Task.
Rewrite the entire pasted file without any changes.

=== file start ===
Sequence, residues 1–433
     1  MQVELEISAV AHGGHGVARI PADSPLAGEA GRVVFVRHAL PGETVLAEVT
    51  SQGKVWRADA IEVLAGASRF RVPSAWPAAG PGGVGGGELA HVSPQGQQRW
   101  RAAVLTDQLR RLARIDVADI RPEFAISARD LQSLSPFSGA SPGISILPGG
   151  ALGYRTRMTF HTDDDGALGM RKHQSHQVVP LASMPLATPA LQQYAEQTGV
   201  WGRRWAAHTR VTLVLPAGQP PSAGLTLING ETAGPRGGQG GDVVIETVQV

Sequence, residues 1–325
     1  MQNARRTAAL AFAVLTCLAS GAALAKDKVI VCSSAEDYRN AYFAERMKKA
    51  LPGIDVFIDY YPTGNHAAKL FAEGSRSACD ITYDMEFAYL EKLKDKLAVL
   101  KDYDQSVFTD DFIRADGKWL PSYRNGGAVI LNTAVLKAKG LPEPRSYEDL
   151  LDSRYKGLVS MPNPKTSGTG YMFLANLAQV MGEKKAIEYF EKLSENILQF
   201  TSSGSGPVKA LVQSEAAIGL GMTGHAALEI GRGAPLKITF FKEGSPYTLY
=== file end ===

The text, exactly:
Sequence, residues 1–433
     1  MQVELEISAV AHGGHGVARI PADSPLAGEA GRVVFVRHAL PGETVLAEVT
    51  SQGKVWRADA IEVLAGASRF RVPSAWPAAG PGGVGGGELA HVSPQGQQRW
   101  RAAVLTDQLR RLARIDVADI RPEFAISARD LQSLSPFSGA SPGISILPGG
   151  ALGYRTRMTF HTDDDGALGM RKHQSHQVVP LASMPLATPA LQQYAEQTGV
   201  WGRRWAAHTR VTLVLPAGQP PSAGLTLING ETAGPRGGQG GDVVIETVQV

Sequence, residues 1–325
     1  MQNARRTAAL AFAVLTCLAS GAALAKDKVI VCSSAEDYRN AYFAERMKKA
    51  LPGIDVFIDY YPTGNHAAKL FAEGSRSACD ITYDMEFAYL EKLKDKLAVL
   101  KDYDQSVFTD DFIRADGKWL PSYRNGGAVI LNTAVLKAKG LPEPRSYEDL
   151  LDSRYKGLVS MPNPKTSGTG YMFLANLAQV MGEKKAIEYF EKLSENILQF
   201  TSSGSGPVKA LVQSEAAIGL GMTGHAALEI GRGAPLKITF FKEGSPYTLY